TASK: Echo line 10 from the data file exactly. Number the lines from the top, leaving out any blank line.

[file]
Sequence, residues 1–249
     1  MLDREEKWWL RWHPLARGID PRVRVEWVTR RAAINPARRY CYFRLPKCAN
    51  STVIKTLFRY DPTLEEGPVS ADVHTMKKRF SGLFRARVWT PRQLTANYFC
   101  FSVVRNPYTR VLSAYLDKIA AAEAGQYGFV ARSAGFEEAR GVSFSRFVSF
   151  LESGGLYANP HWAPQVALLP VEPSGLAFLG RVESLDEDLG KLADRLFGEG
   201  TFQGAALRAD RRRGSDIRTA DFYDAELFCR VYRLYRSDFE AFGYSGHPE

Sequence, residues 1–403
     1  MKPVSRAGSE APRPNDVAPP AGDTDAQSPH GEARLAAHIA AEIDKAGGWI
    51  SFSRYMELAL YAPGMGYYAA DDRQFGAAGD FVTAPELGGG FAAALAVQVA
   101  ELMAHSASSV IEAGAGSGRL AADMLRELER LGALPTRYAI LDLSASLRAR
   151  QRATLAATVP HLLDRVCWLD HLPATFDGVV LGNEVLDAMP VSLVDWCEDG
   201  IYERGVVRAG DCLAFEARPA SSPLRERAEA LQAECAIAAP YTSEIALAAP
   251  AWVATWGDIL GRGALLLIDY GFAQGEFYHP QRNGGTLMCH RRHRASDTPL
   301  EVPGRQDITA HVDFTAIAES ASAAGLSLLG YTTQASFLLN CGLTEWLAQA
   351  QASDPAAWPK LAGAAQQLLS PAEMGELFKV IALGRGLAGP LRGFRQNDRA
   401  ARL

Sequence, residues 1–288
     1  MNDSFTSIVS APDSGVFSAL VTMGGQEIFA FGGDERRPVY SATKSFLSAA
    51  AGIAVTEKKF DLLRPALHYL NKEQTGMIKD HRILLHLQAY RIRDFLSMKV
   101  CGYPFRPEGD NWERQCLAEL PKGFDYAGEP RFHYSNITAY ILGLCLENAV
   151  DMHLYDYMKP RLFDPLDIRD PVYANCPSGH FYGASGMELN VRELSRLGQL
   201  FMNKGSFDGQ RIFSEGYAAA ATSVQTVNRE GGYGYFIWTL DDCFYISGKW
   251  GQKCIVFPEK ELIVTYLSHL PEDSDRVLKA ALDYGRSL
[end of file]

   101  ELMAHSASSV IEAGAGSGRL AADMLRELER LGALPTRYAI LDLSASLRAR